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Life After the Military: How I Transitioned Back to Civilian Medicine

Posted on Fri, Nov 11, 2016
Life After the Military: How I Transitioned Back to Civilian Medicine

EmCare recognizes and salutes the contributions of physician-veterans today and every day.

By Ricky Thomas, M.D.

Men and women across the United States selflessly choose to serve our country every day. Often, the call to serve comes during the formative high school years, or after a significant historical event. I chose to join the U.S. Army at the age of 54.

Joining the military had always been a goal, but my life took me in another direction first. I became a husband, father and physician, running successful family medicine practices in Illinois and North Carolina for 25 years. Yet, despite this success, I still yearned to serve my country in a more formal capacity. So in 2008, I enlisted in the Army as a physician, joining at the rank of Lieutenant Colonel. I served four years of active duty, with missions to Iraq and Guantanamo Bay, followed by a year with the Army Reserves.

During my service, our troops thankfully weren’t under fire; my work mostly involved helping develop clinics to treat the Iraqi people as a humanitarian effort. As a civilian, I had participated in eight medical missions to Zimbabwe, Soweto and Cape Town, South Africa, and as an ordained minister, I’ve helped people in all walks of life. This time, though, it was inspiring to be part of something bigger.

Military service is something I share with two of my five children; one son served in the Air Force, and another is active in the Army. I’m proud of our family’s commitment to this country.

A medical diagnosis unfortunately cut my military career short in 2013. That’s when I met EmCare recruiter David Guffey, who matched me with a moonlighting opportunity. David is retired from the U.S. Army too, and specializes in recruiting clinicians with military experience. Working with David, it was easy for me to transition from military life to civilian because EmCare is military-friendly. It recognizes the unique experience and qualifications that military physicians can bring to the practice, and recruiters work with veterans and active military to find opportunities that enable them to use those leadership skills.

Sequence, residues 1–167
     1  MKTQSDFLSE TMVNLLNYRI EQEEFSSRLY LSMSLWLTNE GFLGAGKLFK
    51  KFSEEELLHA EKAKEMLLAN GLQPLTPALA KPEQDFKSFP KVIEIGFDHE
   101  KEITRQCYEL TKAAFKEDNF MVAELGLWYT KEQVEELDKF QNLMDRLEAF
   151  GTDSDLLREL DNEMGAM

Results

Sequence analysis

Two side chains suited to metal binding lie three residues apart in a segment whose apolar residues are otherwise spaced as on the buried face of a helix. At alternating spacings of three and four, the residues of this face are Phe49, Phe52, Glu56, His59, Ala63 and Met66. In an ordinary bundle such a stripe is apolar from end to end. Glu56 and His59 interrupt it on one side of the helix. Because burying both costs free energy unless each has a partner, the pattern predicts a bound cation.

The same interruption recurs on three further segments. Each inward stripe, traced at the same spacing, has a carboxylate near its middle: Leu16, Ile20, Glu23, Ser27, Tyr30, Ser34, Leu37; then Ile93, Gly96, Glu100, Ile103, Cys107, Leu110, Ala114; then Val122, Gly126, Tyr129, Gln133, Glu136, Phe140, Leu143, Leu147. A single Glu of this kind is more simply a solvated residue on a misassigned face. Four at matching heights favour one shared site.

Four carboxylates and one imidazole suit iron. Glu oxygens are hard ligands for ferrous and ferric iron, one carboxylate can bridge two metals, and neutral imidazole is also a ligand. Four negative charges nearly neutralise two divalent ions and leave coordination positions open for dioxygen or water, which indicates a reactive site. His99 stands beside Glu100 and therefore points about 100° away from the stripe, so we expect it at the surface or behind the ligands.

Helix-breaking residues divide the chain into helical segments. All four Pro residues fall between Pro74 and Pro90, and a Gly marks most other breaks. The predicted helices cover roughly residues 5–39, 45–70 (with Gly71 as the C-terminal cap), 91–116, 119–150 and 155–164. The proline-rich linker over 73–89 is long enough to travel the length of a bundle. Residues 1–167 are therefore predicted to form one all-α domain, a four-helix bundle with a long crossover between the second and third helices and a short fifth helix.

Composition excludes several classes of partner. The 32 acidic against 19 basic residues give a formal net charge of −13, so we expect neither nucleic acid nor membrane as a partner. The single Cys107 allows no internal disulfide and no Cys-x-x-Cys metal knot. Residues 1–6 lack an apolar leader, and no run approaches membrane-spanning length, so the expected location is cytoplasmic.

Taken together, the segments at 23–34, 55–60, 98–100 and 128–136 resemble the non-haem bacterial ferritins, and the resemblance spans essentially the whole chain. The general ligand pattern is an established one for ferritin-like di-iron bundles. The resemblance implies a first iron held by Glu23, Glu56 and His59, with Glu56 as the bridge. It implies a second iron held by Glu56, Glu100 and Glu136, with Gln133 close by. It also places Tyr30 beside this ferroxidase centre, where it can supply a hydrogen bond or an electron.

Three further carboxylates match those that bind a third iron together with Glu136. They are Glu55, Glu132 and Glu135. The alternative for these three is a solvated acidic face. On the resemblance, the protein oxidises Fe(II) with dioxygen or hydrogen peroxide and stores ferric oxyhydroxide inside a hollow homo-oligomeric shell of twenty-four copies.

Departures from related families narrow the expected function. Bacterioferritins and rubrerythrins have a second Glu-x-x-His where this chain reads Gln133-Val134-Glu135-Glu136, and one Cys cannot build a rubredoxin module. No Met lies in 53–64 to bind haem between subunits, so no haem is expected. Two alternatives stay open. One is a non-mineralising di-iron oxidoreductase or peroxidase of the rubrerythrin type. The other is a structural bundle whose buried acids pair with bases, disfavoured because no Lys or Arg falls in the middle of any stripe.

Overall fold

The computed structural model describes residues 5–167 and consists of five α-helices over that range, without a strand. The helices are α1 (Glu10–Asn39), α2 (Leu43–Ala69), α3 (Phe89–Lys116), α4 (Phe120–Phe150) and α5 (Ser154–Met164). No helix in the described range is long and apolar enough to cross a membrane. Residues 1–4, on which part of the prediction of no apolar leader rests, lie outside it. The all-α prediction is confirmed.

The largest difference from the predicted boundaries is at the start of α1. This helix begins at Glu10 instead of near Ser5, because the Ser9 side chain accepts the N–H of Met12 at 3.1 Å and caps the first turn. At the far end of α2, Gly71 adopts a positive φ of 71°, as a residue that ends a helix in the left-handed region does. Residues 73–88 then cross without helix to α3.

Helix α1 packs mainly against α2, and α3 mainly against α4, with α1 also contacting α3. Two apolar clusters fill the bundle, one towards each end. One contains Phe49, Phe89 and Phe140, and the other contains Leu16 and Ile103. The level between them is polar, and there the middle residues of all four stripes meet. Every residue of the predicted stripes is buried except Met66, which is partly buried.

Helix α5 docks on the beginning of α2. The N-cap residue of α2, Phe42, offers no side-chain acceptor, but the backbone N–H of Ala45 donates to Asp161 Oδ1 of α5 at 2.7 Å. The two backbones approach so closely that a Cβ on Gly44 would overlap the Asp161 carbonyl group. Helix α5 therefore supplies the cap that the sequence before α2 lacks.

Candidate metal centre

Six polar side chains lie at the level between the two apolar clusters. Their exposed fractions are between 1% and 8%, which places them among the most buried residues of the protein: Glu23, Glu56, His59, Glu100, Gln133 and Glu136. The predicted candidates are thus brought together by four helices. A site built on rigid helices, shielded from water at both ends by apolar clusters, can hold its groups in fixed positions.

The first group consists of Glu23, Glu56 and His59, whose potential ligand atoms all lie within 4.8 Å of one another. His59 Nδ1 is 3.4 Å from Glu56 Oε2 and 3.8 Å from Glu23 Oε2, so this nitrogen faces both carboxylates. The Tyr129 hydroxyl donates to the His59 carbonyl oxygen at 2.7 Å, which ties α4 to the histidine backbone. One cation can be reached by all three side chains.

When I left military service I made a change on two fronts: from military to civilian, and from family medicine to emergency medicine. However, all of my clinical experience prepared me well for this next phase in my life. My time in the Army made me appreciate hierarchy, authority and the chain of command. It gave me leadership experience, and helped me develop mechanisms for dealing with off-hours shift work and positively managing my body’s Circadian rhythms. My civilian career allowed me to work with a variety of modalities and specialists, including advanced practice providers.

I’m now medical director of the emergency department at Christus Spohn Hospital-Kleberg in Kingsville, Texas, putting all of my varied experience to use. I’m thankful for all of the support that EmCare has given me.

EmCare’s comprehensive Military Medicine Support Team helps emergency medicine, internal medicine and family medicine clinicians with military experience get credentialed and receive the required training to begin or return to a civilian clinical career. Orientation and Shadow shifts ensure that these uniquely experienced clinicians are properly prepared, and our support team will coordinate your schedule around military duty and personal life. For more information, visit our website.

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Comments
Rosa Lenzy
Praise The Lord!
11/19/2016 10:51:48 PM